A 7 day Guide to Tulum, Mexico
I almost never go to the beach - not necessarily because I don't think it's great, but more because when I have access to travel, I usually don't opt for relaxation. You can almost always find me in the mountains, in the cold, unshowered.
Tulum is so much more than just a resort town with epic beaches and perfect instagrammable spots. It has a lot of depth, it has a lot of culture, and the people exceed your typical everyday hospitality.
So here it is - a guide to the interesting, captivating, never ending discovery that is Tulum. 7 days of a world I never expected.
Getting there and getting around
Busing from the airport to Tulum
We flew into the Cancun Airport and bused to Tulum through ADO buses. The bus stops in Playa Del Carmen for about 15 minutes then keeps driving to Tulum, making the entire tip a little under 2 hours. The bus is super clean, people keep to themselves, and it has chargers. It depends on the day and what time but our trip cost around $15 USD (around 300 pesos). If you book ahead of time on their website, just a warning that even translated in English, the price is still in pesos (yes, even though there's a dollar sign). This is super cheap, really easy, and safe so I highly recommend!
If you can swing it and are into it, bike bike bike. This was such a cool way for us to see the town. Especially since the first few nights we stayed in Downtown Tulum and weren't in walking distance to the beach. Most of the ride from Downtown to the beach strip is a trail and then you end up going along the beach. We rented our bikes from our hostel host (this was super cheap so if your hostel host rents, DO THIS). But there are a ton of bike rental shops in Tulum.
First off, every taxi driver was friendly and offered perspectives on the town we wouldn't have otherwise known. Most of the time, we had our hostel host call us taxis (mostly because we had 8 girls to hail everywhere, yikes). But when we were out, they are on pretty much every street corner or just driving around. Typically, our ride from Downtown to the beach was 120 pesos (around $5 USD). Super affordable, and again - I always felt safe and comfortable.
Okay okay, I know this is obvious but if you feel up to it - why not?! If you're like us and staying in Downtown Tulum most of the time, you won't be in walking distance to the beach strip. But you can walk through Downtown and explore all the culture, nightlife, and food Tulum has to offer. I felt safe and comfortable walking around at night and the streets are pretty much always filled with people. Later in our trip we stayed right on the beach and we could walk to the strip and the Ruins.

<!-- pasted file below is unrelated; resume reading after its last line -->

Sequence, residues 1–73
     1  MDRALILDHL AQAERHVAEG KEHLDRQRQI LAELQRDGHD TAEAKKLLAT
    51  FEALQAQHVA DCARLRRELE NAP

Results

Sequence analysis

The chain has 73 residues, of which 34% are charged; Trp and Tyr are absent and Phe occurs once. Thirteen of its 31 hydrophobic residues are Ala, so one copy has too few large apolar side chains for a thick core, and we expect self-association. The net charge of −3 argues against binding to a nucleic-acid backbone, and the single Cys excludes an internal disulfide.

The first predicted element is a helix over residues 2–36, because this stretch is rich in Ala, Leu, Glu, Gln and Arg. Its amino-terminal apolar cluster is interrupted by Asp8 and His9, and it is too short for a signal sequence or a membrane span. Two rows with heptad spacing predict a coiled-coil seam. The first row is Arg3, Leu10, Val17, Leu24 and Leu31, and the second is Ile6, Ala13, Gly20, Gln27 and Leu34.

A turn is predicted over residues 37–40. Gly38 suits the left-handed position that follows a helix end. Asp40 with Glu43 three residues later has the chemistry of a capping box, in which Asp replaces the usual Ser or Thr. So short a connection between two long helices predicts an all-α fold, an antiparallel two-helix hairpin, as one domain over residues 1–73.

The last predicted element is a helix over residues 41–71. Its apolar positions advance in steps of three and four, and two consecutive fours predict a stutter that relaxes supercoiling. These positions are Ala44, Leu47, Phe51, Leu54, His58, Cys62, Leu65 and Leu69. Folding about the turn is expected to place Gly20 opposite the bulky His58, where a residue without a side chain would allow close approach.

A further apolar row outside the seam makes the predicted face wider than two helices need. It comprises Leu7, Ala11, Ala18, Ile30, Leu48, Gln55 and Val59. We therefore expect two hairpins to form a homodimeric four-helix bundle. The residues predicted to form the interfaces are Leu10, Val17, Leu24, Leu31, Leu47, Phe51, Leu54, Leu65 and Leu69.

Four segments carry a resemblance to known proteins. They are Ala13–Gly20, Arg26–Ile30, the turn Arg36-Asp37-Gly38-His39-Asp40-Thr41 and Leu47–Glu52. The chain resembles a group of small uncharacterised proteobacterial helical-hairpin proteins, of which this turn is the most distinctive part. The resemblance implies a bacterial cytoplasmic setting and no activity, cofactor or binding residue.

Where to stay
Alright. Let's get into it. I, without a doubt/100 percent, suggest staying in a hostel during your trip. Especially if you're craving a real perspective on Tulum and want to interact with people from all over the world. I would not stay in a hostel if you're looking for a solitary trip. Yes, the hosts party and they want to interact with you and you both enter into each other's lives for the time you're there. I will say, choose your hostel wisely. Because there were some we passed that definitely had loud music all night and looked like they existed mostly to party reeeeally hard. Don't expect luxury or the nicest bed you'll ever sleep in but do expect open air, authentic food, genuine people, and memories that you weren't expecting.
Here's the one we stayed in - I loooved this place, my friends loved it, and I still keep in touch with the people I met there.
For the second half of our trip, we stayed in these little huts right next to the beach. We only booked a few nights here to save money but it was totally and completely worth it. We had our own private beach area where they served food and drinks and the huts we're so freaking cool. There's a ton of other cool beach options so you could honestly just search Tulum beach strip, close your eyes and point!
Plenty of airbnbs & hotels
I'll keep this one short and sweet but there's no end to interesting, unique places to stay in this city. Take your pick!
Half and half it
If you can swing it, do half of your trip in a cheap hostel and half somewhere on the beach strip. That's what we did and I think it was a huge reason the trip was so well-rounded. That way you get the entire experience.
The things no one tells you
A COMPREHENSIVE LIST OF WHAT TO PREPARE FOR:
1. Bathroom toilet paper – it goes in the trash, NOT in the toilet. Sooo be prepared for the smell.
2. It would be really helpful to know some Spanish – I barely know any and it was a struggle at some points. My friend is basically fluent and I was always jealous when she could have full conversations with our taxi drivers.
3. Some of the ATM's don't work or are only for the U.S. dollar – Just walk on down a few more streets and there will likely be one that works. On the beach strip, most businesses price in U.S. dollar because of tourism, so a few ATM's will only convert that. Which leads us to the #4...
4. A lot of shops on the beach strip have already converted their price to US dollar - it's not a steal.
5. The ATM's show the $ sign even though its actually Peso – so don't freak if it's saying $10,000. It's actually 10,000 pesos and $500 USD.
6. Pesos – I used the this app to convert and it was extremely helpful. (Also google translate can now translate through a photo!)
7. It. Is. Hot. – And humid. Just be prepared and if you're thinking about packing a sweater - don't.
8. Your phone will die and get sand in every crevice and smell like sun screen for days – Feel free to bring a power bank and a protective case if that's something you're worried about!